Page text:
Good luck!

jimmmy 12-30-2010 11:15 AM

It looks like most of the info is the same on laying out the lights. The guy at home depot had said 36" from walls and 48" apart. He asked me how much light I needed in the room and if I needed it bright enough for reading. I said no that it is mostly a tv room. In that case he said that I should be fine with 4" . I'm not sure what the R30 size is mentioned above. What do you guys think about the size? I also saw 6" mentioned above. I would imagine that there is quite a difference in light from 4" to 6".

Jim Port 12-30-2010 11:58 AM

The 4" are more for accent lighting than for general room lighting. The 6" are good for room lighting.

jbfan 12-30-2010 12:30 PM

Quote:

Originally Posted by Jim Port (Post 559177)
The 4" are more for accent lighting than for general room lighting. The 6" are good for room lighting.

4" cost more also!

jimmmy 12-31-2010 10:32 AM

Hey guys. I Hope your not going to disown me, I mean I asked for advice, you gave it, and I went in the opposite direction. Went to the store last night with intent on buying bigger cans and the guy talked me into smaller. They had a promo on 3" cans with gimbals and bulbs $40 for 6. The price is much better and I think at this price I will put in a few more than I had planned. I also think that they are small enough that I can fit some in my bulkhead and avoid a dark spot under there. The install seems a little simpler, he told me that they do not need to be fastened to any framework, that they can pushed up through the drywall and supported by that. What do you guys think about these lights?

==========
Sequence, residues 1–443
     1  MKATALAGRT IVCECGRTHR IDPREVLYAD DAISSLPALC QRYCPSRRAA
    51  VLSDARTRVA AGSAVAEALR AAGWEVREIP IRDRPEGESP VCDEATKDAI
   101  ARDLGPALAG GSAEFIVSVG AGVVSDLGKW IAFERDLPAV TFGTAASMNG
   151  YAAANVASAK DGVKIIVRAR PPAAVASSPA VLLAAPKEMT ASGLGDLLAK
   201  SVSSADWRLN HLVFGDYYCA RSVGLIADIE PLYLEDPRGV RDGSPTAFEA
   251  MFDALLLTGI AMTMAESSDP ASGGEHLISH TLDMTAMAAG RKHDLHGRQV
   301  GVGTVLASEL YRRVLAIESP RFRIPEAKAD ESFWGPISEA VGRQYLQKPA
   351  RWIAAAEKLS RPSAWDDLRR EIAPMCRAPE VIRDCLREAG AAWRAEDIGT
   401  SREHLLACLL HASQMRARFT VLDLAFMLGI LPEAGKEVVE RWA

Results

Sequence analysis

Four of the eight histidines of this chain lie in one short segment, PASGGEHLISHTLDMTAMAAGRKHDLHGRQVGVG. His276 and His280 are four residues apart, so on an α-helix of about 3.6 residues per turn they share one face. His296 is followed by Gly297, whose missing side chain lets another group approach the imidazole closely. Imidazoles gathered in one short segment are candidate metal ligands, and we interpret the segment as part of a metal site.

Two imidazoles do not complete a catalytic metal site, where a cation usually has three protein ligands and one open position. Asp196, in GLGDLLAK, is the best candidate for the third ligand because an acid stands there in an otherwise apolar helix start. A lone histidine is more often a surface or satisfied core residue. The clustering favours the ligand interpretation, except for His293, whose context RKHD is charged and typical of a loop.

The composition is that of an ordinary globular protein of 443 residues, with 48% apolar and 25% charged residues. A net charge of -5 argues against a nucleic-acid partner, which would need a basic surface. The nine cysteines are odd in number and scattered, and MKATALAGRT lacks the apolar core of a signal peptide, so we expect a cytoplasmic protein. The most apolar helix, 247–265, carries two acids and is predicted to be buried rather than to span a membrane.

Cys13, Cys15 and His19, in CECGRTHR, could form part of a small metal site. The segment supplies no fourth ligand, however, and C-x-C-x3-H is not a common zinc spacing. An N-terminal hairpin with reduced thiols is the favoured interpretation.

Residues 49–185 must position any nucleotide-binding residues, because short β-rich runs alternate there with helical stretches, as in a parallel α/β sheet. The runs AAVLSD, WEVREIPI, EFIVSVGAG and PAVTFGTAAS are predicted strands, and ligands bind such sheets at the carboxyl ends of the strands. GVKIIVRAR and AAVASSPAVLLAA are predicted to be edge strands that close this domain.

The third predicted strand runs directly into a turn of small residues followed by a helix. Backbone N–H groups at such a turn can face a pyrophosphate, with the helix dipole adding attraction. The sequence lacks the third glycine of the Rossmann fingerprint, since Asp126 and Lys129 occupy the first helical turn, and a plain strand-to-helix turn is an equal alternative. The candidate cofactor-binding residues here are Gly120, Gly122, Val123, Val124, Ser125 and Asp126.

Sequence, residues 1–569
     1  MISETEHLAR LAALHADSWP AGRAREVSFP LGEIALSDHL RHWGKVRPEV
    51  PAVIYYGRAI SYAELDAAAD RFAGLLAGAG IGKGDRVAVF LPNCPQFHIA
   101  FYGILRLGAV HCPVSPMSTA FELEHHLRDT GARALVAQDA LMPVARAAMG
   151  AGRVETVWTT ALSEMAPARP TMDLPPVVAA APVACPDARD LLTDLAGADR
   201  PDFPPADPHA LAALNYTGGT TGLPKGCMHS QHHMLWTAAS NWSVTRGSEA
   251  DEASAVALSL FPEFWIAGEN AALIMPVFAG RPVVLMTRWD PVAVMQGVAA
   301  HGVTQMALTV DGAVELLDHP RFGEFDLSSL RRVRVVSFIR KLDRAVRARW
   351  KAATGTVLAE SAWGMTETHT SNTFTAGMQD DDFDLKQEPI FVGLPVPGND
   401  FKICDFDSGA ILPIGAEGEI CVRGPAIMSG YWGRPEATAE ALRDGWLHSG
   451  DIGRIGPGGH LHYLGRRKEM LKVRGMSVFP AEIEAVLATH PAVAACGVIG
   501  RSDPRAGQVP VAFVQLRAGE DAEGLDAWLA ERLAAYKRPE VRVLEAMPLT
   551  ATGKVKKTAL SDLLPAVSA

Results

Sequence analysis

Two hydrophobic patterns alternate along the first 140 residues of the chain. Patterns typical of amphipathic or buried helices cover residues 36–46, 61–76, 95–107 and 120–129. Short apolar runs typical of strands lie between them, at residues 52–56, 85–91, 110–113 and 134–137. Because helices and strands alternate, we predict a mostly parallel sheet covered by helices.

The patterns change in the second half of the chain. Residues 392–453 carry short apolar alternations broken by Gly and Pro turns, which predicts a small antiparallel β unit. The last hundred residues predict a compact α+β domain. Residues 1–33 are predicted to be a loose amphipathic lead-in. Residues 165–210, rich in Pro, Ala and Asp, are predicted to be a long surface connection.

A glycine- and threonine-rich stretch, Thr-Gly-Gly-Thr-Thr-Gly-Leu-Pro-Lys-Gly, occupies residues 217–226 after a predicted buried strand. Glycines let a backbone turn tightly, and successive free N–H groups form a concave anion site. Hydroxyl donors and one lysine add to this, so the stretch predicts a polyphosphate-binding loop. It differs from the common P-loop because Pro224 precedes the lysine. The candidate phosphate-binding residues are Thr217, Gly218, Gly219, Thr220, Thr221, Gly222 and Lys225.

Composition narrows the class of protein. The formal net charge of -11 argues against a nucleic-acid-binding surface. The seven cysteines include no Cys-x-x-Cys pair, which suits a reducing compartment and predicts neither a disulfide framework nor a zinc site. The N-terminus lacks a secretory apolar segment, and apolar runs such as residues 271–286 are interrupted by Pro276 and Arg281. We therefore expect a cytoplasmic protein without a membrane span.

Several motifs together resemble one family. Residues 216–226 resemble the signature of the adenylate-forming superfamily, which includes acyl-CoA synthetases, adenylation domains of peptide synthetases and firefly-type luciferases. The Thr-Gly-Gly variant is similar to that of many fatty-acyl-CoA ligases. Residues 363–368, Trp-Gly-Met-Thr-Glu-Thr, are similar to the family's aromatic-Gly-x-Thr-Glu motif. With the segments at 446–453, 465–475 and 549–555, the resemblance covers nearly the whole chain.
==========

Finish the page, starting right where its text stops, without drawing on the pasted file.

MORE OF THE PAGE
Jim Port 12-31-2010 10:50 AM

I would have used the 3" in the bulkhead on a separate switch with the 6" used for the room lighting.

One of the things I did not go into was the circle of light given off by the 3" is much smaller than the 6" so many more are required. This quickly adds to the cost and the swiss cheese look of the ceiling.

JPraski 12-31-2010 10:53 AM

However, you do what's good for you.